Welcome to my blog. If you live in Surrey and birding is your obsession (to get out of bed at some ridiculously early time of the morning, no matter what the weather, to go and look at birds isn't normal behaviour, believe me) and you're still a bit of a novice (like me) then, hopefully, this blog is for you.

Wednesday 31 August 2016


Bit of a catch-up for the past three weeks. Two visits to Kent have been interspersed with brief local patch wanderings.

The Bonaparte's Gull at Oare showing the comparison in size to the Black-headed Gulls
The first Kent trip was to Margate to take my mum to a hospital appointment, but I spent 45 minutes at Oare Marshes on the way down, where I managed to see (with the help of others) the Bonaparte's Gull again. Most notable group sighting was five Little Tern that flew in and landed on the East Flood for about half an hour.

Five Little Tern flew in and landed on the East Flood

A Little Stint, Spotted Redshank and a Yellow Wagtail were the other highlights.

The second trip was a proper birding session on the beach at Dungeness Point on the 22nd to seawatch for Balearic Shearwater during the morning. The weekend had been unseasonably stormy and there was still sufficient wind to give me hope of some decent sightings.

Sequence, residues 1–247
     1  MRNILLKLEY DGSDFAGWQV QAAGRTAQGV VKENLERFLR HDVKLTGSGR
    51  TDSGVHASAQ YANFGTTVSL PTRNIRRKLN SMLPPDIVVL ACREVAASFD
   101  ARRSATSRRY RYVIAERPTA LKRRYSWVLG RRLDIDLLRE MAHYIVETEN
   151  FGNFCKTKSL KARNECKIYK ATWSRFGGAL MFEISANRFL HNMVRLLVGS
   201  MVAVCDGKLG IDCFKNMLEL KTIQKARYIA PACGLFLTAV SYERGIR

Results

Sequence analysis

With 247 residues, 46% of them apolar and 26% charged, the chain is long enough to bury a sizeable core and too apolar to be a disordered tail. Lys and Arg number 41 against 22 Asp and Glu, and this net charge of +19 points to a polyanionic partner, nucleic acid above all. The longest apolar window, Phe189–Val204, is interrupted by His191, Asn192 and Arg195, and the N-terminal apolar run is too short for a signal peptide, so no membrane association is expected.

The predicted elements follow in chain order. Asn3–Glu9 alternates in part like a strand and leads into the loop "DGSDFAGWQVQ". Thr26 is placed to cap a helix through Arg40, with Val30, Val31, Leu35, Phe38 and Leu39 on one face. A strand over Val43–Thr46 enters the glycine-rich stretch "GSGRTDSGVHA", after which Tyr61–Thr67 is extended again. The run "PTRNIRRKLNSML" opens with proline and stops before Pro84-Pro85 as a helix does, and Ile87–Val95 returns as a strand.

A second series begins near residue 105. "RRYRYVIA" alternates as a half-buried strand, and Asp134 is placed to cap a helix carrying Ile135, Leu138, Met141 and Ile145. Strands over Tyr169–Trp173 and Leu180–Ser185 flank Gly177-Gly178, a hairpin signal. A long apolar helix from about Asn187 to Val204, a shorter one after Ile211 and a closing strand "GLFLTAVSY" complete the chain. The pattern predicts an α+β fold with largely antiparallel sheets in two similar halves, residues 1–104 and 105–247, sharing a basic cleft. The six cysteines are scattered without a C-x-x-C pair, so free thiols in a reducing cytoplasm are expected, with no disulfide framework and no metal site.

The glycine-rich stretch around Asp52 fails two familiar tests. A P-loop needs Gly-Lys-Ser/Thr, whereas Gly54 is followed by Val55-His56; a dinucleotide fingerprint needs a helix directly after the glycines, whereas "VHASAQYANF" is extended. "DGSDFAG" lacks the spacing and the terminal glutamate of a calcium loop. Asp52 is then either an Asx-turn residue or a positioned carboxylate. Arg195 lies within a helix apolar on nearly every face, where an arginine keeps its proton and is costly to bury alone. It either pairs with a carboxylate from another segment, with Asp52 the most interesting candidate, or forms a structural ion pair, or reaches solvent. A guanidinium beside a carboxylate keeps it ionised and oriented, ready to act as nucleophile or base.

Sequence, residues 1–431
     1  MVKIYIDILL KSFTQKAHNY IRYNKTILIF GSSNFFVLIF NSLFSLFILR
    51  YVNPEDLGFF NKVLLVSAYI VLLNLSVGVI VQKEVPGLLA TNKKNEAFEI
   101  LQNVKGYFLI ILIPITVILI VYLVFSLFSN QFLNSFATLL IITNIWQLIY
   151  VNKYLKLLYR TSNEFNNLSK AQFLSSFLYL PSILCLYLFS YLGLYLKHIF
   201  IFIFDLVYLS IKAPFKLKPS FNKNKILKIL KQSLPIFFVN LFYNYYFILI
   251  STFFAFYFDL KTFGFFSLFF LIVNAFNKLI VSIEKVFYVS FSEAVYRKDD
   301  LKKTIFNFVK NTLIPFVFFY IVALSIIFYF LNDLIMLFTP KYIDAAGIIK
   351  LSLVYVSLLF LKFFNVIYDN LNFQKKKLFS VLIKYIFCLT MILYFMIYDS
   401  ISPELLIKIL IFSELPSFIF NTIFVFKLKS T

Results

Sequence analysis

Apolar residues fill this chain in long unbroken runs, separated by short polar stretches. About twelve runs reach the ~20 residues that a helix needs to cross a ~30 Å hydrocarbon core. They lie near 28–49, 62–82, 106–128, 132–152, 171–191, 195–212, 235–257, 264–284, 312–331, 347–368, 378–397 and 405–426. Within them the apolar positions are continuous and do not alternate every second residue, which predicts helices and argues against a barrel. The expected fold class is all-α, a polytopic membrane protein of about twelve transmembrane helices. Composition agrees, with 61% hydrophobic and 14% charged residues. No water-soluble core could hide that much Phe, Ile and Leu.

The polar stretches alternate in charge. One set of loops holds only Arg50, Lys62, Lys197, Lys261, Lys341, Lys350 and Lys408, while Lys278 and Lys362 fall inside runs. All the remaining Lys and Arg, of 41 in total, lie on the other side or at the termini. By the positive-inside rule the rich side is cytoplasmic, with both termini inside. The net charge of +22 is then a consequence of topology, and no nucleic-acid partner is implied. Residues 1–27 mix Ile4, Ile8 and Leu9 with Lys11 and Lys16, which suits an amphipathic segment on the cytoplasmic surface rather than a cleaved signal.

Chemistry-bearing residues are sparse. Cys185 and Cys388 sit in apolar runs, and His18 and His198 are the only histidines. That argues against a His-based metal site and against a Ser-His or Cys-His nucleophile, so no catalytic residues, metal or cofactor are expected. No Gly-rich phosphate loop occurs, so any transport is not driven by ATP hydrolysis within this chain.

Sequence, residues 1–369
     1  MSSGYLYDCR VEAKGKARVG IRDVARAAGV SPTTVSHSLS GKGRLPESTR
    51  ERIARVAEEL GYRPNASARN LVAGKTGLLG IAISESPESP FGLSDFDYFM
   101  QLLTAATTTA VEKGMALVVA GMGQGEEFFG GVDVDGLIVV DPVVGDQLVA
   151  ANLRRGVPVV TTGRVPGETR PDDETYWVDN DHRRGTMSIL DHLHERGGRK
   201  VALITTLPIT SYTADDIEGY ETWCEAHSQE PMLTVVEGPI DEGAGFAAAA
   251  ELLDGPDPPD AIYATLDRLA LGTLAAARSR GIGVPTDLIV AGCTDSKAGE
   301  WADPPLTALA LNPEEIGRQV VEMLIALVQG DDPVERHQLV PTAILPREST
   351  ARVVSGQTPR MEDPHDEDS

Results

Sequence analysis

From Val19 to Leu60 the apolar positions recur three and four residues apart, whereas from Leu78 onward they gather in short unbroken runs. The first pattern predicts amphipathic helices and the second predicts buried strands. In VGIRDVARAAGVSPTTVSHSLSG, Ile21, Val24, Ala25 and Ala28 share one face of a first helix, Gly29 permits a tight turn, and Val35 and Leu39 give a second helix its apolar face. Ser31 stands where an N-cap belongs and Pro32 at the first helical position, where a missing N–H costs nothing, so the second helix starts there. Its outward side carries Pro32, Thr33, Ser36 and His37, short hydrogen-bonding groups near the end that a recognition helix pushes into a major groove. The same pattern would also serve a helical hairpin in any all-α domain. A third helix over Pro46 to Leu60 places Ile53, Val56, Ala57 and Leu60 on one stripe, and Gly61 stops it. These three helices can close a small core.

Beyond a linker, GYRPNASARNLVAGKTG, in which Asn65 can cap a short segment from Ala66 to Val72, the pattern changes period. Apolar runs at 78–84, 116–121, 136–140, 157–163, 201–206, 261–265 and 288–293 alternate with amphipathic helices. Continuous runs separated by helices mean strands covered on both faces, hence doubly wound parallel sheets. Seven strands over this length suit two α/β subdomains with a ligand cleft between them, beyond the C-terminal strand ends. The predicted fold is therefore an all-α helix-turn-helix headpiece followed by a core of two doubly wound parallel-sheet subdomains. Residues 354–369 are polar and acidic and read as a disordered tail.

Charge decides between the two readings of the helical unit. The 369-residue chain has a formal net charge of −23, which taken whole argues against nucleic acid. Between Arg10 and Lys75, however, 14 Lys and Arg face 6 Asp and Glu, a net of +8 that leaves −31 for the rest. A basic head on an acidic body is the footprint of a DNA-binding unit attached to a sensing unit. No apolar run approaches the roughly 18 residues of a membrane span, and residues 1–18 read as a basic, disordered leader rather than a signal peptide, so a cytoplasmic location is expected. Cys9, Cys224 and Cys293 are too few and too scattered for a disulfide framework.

It took some patience but eventually I was rewarded with seven Balearic Shearwater split into three small groups during a three-hour period, plus two Arctic Skua. Not much else of note though.

On the local front, two new birds appeared, with a lone juvenile Dunlin arriving on the Moors one morning, followed by three Greenshank few days later. These I missed, but two more turned up a couple of days later.
A pair of Greenshank and two Green sandpiper feeding on the Moors
One other bird of interest was a lone Wheatear on Farthing Downs one morning seen while waiting to pick up Annie from a physio appointment in Coulsdon.

The waders' arrival at Holmethorpe topped the patch year list up to 137 as we enter the autumn months. Not bad at all, but unfortunately with regard to the Horton Hay Cup challenge* with Tice's Meadow, our rival patch has hit back with a fine haul of sightings this month, including a Honey Buzzard, Black Tern, Pied Flycatcher and a first for the site, a Nightjar. They are on 141 at the end of August.

So, now tomorrow is September and the real heart of the autumn migration begins. Looking forward to it - so long as I can get enough time away from work to enjoy it.

*The Horton Hay Cup is a challenge between Tice's Meadow and Holmethorpe Sand Pits to see which site can deliver the most bird species during the year. Named after the two patch stalwarts, Rich Horton and Gordon Hay, the winner is designated the best birding site in Surrey – ignoring the fact Beddington Farmlands attracts more birds annually and really is the best birding site in the county.

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